This was the first roll of medium format slide film I’d used. To be honest I think I would’ve been better off using Ektar instead for its latitude, as I clearly didn’t nail the exposures as well as Velvia would like (an getting a bit of a purple tint that I’ve tried to edit out digitally). That being said I think the way it captures the crystal clear water in the photo above is great and to be honest the time of day these were all shot (mid afternoon) was not really good light to shoot with.

Here are some more shots with the Bronica from the trip (all with velvia 100).

Monument Valley

Bronica SQ + 80mm Zenzanon f2.8 + Kodak Ektar (Utah, 2013)

There was a forest fire nearby providing the mist on the evening I arrived. At first I was disappointed that I wouldn’t be able to get any good shots, but actually it produced my favourite shot from there. I think it makes the landscape mysterious.

Milan Skyline

Olympus 35RD + Film Forgotten (Milan, 2012)

Turbine Hall

Nikon F100 + Tokina 12-24mm + Fuji Neopan 400 pushed to 1600 (London, 2011)

Before my F100 was stolen in Belize, I managed to put a few rolls through it. The lens used for this photo is actually for DX digital, but works on film somewhere past the 20mm mark. This shot is the turbine hall of the Tate Modern, and the exhibition here was Ai Weiwei’s sunflower seeds.

Zeiss Ikon Nettar 517

Summary

Zeiss Ikon, a German camera legend, operated between 1926 and 1972.  Among others, they produced a vast array of folding camera models, many of which can be picked up on places like eBay for next to nothing, whilst some are very collectable still fetching (relatively) premium prices. The Nettar line was the lower tier of cameras produced by Zeiss Ikon, whilst the Ikonta were the premium line. This specific model, the 517, was produced in 1949 has a Novar Anastigmat 75mm f6.3  lens and a Vario Leaf shutter (with Bulb, 1/25, 1/75 and 1/200 speeds). It takes 6×6 photos on normal paper backed 120 film, and there is a little window on the back to show the frame number to help you with winding it on correctly. There is no double exposure prevention mechanism, which may be a useful or annoying thing depending on how consistent you are at winding on the film after a shot.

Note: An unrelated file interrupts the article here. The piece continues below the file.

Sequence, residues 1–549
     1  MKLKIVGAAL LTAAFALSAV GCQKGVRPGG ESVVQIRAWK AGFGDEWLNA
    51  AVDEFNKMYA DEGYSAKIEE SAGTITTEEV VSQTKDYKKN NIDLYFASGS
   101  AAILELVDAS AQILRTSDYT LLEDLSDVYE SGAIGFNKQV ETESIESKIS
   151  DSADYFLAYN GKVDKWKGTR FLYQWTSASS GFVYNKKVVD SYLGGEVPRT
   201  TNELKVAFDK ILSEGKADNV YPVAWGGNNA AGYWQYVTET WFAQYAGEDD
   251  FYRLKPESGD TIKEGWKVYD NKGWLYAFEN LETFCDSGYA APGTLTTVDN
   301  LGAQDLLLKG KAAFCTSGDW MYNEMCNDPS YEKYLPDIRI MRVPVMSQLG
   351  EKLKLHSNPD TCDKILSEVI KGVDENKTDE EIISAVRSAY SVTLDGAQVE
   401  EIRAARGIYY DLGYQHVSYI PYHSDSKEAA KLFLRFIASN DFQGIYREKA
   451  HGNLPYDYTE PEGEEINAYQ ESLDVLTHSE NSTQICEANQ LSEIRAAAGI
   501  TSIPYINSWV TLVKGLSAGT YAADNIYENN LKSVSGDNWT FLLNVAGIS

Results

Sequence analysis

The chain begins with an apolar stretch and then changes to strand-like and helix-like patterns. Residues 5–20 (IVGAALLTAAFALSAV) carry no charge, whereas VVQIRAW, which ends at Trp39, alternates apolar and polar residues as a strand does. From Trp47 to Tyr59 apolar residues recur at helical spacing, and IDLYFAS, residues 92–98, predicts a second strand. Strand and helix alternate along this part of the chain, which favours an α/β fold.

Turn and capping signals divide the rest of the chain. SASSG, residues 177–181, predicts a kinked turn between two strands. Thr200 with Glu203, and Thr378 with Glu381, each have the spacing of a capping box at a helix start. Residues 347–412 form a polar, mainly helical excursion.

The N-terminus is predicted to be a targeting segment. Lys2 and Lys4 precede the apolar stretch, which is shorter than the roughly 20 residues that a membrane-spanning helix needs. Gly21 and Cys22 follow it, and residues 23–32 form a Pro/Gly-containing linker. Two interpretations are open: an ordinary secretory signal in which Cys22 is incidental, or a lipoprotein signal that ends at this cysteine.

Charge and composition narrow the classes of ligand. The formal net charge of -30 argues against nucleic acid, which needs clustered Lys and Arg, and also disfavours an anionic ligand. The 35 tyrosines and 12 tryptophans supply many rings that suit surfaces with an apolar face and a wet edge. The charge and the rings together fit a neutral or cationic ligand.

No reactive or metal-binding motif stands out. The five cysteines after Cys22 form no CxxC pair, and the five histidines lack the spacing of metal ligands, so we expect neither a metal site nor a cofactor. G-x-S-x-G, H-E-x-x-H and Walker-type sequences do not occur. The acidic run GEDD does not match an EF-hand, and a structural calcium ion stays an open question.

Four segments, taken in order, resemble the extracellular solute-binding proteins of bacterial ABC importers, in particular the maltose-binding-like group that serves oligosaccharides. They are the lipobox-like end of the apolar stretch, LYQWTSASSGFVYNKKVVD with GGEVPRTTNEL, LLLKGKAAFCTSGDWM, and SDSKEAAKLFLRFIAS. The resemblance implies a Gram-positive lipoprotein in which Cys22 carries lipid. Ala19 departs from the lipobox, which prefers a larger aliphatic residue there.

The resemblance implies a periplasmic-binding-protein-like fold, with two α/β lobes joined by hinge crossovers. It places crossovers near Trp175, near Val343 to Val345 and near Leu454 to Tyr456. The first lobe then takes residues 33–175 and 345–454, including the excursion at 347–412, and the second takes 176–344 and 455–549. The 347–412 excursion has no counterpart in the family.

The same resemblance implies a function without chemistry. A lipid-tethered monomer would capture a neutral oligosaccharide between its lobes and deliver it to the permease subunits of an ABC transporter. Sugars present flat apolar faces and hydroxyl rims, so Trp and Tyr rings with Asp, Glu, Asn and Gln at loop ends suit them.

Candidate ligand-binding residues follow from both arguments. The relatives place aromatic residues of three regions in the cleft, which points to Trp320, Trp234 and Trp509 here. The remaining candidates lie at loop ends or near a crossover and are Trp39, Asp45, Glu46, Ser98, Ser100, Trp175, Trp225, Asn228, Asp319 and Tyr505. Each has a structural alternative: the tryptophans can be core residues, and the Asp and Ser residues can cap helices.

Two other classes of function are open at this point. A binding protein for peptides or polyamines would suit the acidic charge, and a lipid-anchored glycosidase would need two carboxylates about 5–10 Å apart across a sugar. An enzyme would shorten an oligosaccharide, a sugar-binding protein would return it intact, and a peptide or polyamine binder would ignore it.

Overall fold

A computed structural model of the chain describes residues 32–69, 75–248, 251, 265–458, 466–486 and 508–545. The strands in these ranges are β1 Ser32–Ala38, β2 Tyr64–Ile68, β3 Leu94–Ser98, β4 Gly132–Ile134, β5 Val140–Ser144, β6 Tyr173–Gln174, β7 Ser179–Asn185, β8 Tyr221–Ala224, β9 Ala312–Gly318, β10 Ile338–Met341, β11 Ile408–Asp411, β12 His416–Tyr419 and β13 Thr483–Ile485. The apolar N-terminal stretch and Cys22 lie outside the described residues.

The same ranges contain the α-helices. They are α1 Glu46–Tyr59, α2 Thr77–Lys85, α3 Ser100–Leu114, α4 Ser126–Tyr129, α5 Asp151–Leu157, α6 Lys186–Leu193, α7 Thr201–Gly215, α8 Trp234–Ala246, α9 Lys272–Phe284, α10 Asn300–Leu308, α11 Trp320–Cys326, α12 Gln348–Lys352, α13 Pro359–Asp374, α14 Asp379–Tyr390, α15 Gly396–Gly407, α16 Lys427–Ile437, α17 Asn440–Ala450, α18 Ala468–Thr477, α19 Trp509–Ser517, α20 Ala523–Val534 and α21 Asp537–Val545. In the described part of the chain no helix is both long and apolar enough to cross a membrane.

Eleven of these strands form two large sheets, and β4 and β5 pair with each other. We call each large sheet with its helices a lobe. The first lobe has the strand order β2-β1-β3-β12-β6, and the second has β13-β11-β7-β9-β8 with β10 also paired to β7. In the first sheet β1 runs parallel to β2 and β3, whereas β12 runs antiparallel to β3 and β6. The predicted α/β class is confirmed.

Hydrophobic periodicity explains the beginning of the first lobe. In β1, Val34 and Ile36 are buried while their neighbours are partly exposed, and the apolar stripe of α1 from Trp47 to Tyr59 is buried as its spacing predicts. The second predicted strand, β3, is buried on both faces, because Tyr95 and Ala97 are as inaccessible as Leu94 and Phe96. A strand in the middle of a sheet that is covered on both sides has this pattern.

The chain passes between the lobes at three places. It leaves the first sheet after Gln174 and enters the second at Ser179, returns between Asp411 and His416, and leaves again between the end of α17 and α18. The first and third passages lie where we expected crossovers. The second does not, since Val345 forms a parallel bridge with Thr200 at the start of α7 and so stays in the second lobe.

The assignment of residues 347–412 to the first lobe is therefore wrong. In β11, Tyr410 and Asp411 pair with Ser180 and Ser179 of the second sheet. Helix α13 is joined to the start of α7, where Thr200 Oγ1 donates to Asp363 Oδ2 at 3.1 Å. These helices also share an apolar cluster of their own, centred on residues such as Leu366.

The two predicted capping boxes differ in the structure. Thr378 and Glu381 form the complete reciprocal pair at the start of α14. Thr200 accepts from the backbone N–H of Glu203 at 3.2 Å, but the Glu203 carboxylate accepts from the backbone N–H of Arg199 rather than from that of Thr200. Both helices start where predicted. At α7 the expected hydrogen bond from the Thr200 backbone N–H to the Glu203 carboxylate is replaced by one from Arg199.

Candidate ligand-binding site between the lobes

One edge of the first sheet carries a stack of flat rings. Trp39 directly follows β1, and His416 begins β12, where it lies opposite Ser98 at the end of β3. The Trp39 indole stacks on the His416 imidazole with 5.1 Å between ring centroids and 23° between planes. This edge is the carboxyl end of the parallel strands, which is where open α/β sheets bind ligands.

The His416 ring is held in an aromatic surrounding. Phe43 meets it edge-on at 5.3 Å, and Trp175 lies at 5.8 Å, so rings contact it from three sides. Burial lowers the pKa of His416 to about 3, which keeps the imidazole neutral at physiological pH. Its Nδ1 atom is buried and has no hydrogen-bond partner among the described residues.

The pros for this camera: it is so light and small that it can fit in a large pocket. Its also so inexpensive that there is no reason that if you have any desire to try one out, you should just go ahead and buy one. The lens is also surprisingly sharp, when you get it in focus.

The negatives would be the limited shutter speeds and slow aperture on this model, meaning fast film, lots of sunlight or tripod mounting is generally the way to go. 

My Story with this Camera

This camera was given to me by my Great Grandma, who came by it in a roundabout way. It looks barely used and is in fantastic condition. The bellows look pristine, which is the first thing you should check when buying one of these. This was my first medium format camera, and to be honest I was pleasantly surprised after the first roll that I got any photos I liked at all. Its a camera thats easy to make mistakes with, either by misjudging exposure, not paying close enough attention to the focus scale or forgetting if you’ve wound it on. In fact when I first used the camera I mainly used it to try double exposures, however now looking back many of those have lost their novelty.